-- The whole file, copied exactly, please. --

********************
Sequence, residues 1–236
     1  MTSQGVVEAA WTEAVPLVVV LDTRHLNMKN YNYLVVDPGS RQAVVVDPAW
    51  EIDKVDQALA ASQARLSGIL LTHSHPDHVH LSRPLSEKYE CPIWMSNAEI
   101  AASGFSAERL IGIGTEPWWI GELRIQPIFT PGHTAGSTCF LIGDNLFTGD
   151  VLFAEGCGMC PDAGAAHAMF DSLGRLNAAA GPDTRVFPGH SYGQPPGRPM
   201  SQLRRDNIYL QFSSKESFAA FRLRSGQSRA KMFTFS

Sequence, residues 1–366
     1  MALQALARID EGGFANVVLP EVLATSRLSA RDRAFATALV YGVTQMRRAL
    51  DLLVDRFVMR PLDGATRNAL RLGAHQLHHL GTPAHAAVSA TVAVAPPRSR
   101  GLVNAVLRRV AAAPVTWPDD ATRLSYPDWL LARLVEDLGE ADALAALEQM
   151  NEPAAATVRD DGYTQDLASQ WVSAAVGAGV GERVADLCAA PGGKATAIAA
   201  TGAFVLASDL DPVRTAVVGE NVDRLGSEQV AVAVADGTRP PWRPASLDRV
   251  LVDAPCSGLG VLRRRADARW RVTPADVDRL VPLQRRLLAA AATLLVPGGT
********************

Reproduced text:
Sequence, residues 1–236
     1  MTSQGVVEAA WTEAVPLVVV LDTRHLNMKN YNYLVVDPGS RQAVVVDPAW
    51  EIDKVDQALA ASQARLSGIL LTHSHPDHVH LSRPLSEKYE CPIWMSNAEI
   101  AASGFSAERL IGIGTEPWWI GELRIQPIFT PGHTAGSTCF LIGDNLFTGD
   151  VLFAEGCGMC PDAGAAHAMF DSLGRLNAAA GPDTRVFPGH SYGQPPGRPM
   201  SQLRRDNIYL QFSSKESFAA FRLRSGQSRA KMFTFS

Sequence, residues 1–366
     1  MALQALARID EGGFANVVLP EVLATSRLSA RDRAFATALV YGVTQMRRAL
    51  DLLVDRFVMR PLDGATRNAL RLGAHQLHHL GTPAHAAVSA TVAVAPPRSR
   101  GLVNAVLRRV AAAPVTWPDD ATRLSYPDWL LARLVEDLGE ADALAALEQM
   151  NEPAAATVRD DGYTQDLASQ WVSAAVGAGV GERVADLCAA PGGKATAIAA
   201  TGAFVLASDL DPVRTAVVGE NVDRLGSEQV AVAVADGTRP PWRPASLDRV
   251  LVDAPCSGLG VLRRRADARW RVTPADVDRL VPLQRRLLAA AATLLVPGGT